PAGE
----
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As the Dean of Graduate Studies at Western Sydney University, there are two areas that tend to occupy my mind: The first is the well-being of the PhD candidates that are part of my university and I feel responsible for; and, the second is the completion rates of these candidates knowing that most of them obsess over this.

In my work, the factors that I have attempted influence which assist students are as follows:

  • The doctoral training program;
  • The research environment establishing a cohort identity;
  • The role of PhD supervisors – ensuring they are adequately trained and understand their obligations;
  • The different cultural and social contexts of the candidates; and,
  • Providing an environment where students feel supported and, as I have written before, understand ‘how to survive‘.

There is not a huge amount of research in this area but I have just read a couple of  interesting articles about PhD completion rates. The first is written by Rachel Spronken-Smith from the University of Otago (New Zealand): Factors contributing to high PhD completion rates: a case study in a research-intensive university in New Zealand.

The focus here is on the ‘completion rate’ of PhD students from a particular cohort who have submitted their thesis for examination. As Spronken-Smith notes, however, this can be misleading because the candidates may have submitted their work but it has not been completed – and she notes that there is about a 2% different between submission and completion as some students fail and never re-submit their re-worked thesis.

The article finds that the “most common reasons for withdrawing were”:

  • Broad personal circumstances (17%), medical reasons (7%)  and work commitments (7%): a total of 31%,
  • Transfer from a PhD to a Master’s degree (10%),
  • Loss of contact with the candidate which meant the University withdrew them (8%) – something that possibly happens because candidates put off contacting supervisors to the point that they give up, and
  • Lost interest/motivation (7%).

The article is worth a read but here are some key take home messages:

  1. Scholarships count: those on scholarship have a higher percentage completion rate than those who are having to work to survive – this is even though scholarships are not enough to live on. Students on scholarships also tend to submit faster. Lesson: if you do not have a scholarship, think hard about how you are going to navigate the multiple demands;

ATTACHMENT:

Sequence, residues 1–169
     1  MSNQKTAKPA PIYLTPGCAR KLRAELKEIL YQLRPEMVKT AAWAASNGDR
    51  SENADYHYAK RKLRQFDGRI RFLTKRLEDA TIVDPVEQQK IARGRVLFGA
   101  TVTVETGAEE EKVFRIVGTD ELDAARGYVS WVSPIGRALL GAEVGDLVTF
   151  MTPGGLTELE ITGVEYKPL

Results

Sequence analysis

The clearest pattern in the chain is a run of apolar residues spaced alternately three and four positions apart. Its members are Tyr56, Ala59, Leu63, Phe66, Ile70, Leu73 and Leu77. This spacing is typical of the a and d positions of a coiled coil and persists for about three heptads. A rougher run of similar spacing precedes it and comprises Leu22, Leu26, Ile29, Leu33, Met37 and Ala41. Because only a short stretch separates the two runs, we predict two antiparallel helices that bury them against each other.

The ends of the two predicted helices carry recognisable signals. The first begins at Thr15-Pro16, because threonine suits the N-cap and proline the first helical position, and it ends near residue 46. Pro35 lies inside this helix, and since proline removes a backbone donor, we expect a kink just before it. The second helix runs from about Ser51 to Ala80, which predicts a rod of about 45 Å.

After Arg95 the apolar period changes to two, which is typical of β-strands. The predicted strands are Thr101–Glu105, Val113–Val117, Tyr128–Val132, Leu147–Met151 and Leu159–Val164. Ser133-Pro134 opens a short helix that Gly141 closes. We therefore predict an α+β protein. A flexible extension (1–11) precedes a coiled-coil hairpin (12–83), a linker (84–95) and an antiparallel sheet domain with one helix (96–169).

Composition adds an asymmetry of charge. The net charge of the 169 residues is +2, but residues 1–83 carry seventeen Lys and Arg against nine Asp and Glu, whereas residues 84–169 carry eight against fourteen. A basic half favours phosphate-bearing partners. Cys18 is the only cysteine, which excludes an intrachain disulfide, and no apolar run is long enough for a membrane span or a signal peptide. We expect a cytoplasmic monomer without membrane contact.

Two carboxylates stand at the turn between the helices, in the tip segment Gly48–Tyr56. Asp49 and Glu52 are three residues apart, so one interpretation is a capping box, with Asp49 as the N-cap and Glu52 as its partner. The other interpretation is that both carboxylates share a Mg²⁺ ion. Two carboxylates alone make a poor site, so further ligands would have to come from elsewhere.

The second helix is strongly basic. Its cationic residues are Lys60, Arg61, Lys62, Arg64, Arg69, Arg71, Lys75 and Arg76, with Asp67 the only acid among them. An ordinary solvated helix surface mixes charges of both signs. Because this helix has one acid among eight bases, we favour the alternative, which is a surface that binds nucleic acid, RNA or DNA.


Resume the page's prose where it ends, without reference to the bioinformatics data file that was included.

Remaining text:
2. University resources and creativity also count: University of Otago has a unique ‘carrot’ – there is a Postgraduate Publishing Bursary to encourage and reward submission in less than 4 years full time equivalent. The Bursary provides up to 3 months of funding at the scholarship rate for the publishing of research outputs;
  3. Part-time candidates find it harder than full-timers:  83% to 67% (though there is a thing called variable enrolment at 88% which are those who start at full-time but move to part-time to draw out a longer candidature or whose scholarship has run out. In my experience, this is a disciplinary thing: some disciplines (such as Education and Nursing) have a majority of part-time students as well as high completion rates. Lesson: if you are a part-time student, speak to your supervisors and come up with strategies to ensure you keep momentum;
  4. Investing in a Graduate Research School (GRS) is worth it (he writes with a sigh of relief): This is because the GRS sets the tone for the wider university environment. A GRS provides important “oversight of PhD candidature” and ensure high entry standards are maintained, students are supported and a sense of cohort identity can be achieved. Lesson: ensure your university employs an ‘awesome’ Dean of Grad Studies (smiley face emoji here);